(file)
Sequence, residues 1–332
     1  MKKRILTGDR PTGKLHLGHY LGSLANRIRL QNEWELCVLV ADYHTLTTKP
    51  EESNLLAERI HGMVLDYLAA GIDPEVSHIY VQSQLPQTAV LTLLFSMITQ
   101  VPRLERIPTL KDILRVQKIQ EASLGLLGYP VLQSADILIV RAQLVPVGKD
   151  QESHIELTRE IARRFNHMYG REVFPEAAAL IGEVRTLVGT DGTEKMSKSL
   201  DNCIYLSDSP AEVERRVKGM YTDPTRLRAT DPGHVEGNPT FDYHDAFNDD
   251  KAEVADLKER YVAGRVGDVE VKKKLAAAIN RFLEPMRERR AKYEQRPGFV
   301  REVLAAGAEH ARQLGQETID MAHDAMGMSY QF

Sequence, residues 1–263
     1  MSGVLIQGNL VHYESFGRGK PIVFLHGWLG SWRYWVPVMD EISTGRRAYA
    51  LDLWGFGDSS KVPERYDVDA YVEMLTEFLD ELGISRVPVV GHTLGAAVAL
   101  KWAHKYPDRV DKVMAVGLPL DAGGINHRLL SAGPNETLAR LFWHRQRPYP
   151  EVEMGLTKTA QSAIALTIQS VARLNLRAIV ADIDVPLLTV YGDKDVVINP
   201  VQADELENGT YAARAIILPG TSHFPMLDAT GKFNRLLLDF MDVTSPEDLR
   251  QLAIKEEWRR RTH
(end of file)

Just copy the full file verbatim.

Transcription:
Sequence, residues 1–332
     1  MKKRILTGDR PTGKLHLGHY LGSLANRIRL QNEWELCVLV ADYHTLTTKP
    51  EESNLLAERI HGMVLDYLAA GIDPEVSHIY VQSQLPQTAV LTLLFSMITQ
   101  VPRLERIPTL KDILRVQKIQ EASLGLLGYP VLQSADILIV RAQLVPVGKD
   151  QESHIELTRE IARRFNHMYG REVFPEAAAL IGEVRTLVGT DGTEKMSKSL
   201  DNCIYLSDSP AEVERRVKGM YTDPTRLRAT DPGHVEGNPT FDYHDAFNDD
   251  KAEVADLKER YVAGRVGDVE VKKKLAAAIN RFLEPMRERR AKYEQRPGFV
   301  REVLAAGAEH ARQLGQETID MAHDAMGMSY QF

Sequence, residues 1–263
     1  MSGVLIQGNL VHYESFGRGK PIVFLHGWLG SWRYWVPVMD EISTGRRAYA
    51  LDLWGFGDSS KVPERYDVDA YVEMLTEFLD ELGISRVPVV GHTLGAAVAL
   101  KWAHKYPDRV DKVMAVGLPL DAGGINHRLL SAGPNETLAR LFWHRQRPYP
   151  EVEMGLTKTA QSAIALTIQS VARLNLRAIV ADIDVPLLTV YGDKDVVINP
   201  VQADELENGT YAARAIILPG TSHFPMLDAT GKFNRLLLDF MDVTSPEDLR
   251  QLAIKEEWRR RTH